IIF sees huge potential for voluntary carbon credits, predicts $100 billion a year market by 2050
LONDON, UK — The Institute of International Finance’s chief executive believes voluntary carbon credits have “great upside potential,” forecasting that the market may be valued as much as $100 billion per year by 2050.
It comes at a time when governments and corporate leaders are under increasing pressure to deliver on pledges made as part of the historic Paris Agreement ahead of the COP26, which will take place in Glasgow, Scotland, in early November.
This, according to the TSVCM, will enable more enterprises to put their net-zero promises into action by investing in emissions abatement projects, which will have the most significant impact.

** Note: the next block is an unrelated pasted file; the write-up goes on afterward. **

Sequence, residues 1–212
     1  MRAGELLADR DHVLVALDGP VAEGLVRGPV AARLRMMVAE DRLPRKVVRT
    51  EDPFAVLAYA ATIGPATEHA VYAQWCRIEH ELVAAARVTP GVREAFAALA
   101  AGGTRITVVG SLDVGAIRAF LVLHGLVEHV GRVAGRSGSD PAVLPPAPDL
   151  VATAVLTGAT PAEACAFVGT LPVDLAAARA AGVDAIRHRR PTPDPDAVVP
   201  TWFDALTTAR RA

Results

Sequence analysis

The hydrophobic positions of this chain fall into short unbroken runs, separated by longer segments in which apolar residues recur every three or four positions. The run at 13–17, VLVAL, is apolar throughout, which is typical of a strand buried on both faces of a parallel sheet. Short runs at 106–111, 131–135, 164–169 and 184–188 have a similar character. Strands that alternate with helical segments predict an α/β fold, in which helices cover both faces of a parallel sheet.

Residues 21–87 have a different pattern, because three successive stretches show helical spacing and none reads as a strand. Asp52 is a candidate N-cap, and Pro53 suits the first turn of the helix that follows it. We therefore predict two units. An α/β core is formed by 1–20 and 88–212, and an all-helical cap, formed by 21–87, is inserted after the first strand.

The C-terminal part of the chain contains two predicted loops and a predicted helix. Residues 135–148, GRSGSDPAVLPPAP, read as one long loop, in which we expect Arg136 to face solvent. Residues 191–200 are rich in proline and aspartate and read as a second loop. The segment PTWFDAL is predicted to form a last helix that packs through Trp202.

“According to the McKinsey report, which we released, we may see a 10-fold increase,” he continued. “By 2050, I believe this market will be worth $100 billion a year, and we’re only getting started.”
The TSVCM, scaling up the voluntary carbon market would require a 15-fold increase to satisfy the Paris Agreement’s climate goals and could be worth as much as $50 billion by the end of the decade.